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Neurological rehabilitation following heat illness in the UK Armed Forces
  1. Daniel Wilkins1,
  2. O O'Sullivan1,2,
  3. J Sayer1,
  4. L Penny3,
  5. D Roiz de Sa4,
  6. H Ellis3 and
  7. S Dharm-Datta3
  1. 1AMS Support Unit, Army Medical Services, Camberley, Surrey, UK
  2. 2Academic Department of Military Rehabilitation, Stanford on Soar, Loughborough, UK
  3. 3Neurorehabilitation Unit, Defence Medical Rehabilitation Centre, Stanford on Soar, Loughborough, UK
  4. 4Environmental Medicine, Institute of Naval Medicine, Gosport, Hampshire, UK
  1. Correspondence to Maj Daniel Wilkins, AMS Support Unit, Army Medical Services, Camberley, Surrey, UK; d.wilkins{at}doctors.org.uk

Abstract

Heat illness remains a significant threat to health in the UK Armed Forces despite recent improvements in the prevention of cases. A small number of heat illness survivors develop long-term neurological sequelae. Here we briefly review the background literature and present our experience of treating UK Armed Forces patients with neurological consequences of heat illness. In our cohort of patients, we observed significant improvements in subjective symptoms and objective assessments following a period of neurological rehabilitation at the Defence Medical Rehabilitation Centre. We conclude with recommendations for further research and for the incorporation of screening for neurological disability following heat illness into service policy.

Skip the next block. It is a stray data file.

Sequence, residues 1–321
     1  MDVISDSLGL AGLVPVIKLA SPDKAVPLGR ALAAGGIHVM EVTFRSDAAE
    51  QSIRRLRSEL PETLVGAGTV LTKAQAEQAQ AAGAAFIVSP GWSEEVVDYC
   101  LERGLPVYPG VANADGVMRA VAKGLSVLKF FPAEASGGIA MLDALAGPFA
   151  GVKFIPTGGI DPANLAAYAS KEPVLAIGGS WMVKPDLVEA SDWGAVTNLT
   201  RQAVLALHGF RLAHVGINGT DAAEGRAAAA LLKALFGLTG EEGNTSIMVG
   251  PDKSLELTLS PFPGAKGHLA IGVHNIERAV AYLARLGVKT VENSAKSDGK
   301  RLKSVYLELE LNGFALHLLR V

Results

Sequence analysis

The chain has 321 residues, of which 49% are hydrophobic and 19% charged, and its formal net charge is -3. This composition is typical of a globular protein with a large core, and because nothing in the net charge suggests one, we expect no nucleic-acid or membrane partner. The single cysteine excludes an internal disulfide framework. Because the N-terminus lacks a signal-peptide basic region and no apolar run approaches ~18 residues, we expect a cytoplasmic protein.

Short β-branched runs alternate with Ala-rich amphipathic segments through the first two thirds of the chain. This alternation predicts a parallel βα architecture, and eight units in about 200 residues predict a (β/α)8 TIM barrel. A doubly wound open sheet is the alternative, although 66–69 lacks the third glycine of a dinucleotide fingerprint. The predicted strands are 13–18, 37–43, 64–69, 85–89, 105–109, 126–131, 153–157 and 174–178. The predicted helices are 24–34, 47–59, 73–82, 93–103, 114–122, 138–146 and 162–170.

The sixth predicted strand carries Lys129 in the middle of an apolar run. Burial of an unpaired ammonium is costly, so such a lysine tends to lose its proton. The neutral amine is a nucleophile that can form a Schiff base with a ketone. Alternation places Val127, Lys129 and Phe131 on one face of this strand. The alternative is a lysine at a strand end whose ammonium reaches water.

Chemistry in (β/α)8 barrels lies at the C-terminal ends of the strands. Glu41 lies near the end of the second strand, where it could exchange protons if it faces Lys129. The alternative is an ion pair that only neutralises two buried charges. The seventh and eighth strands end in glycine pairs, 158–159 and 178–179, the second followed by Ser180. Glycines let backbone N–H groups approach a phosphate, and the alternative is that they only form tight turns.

• rehabilitation medicine
  • neurological injury
  • rehabilitation medicine

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Footnotes

  • Contributors DW and OOS conceived the idea for the paper. JS collated the case series. DW, OOS, LP and DRdS drafted the article. HE and SD-D suggested revisions. DW, OOS, HE and SD-D agreed on the final manuscript for publication.

  • Funding The authors have not declared a specific grant for this research from any funding agency in the public, commercial or not-for-profit sectors.

  • Competing interests None declared.

  • Patient consent for publication Obtained.

  • Provenance and peer review Not commissioned; externally peer reviewed.

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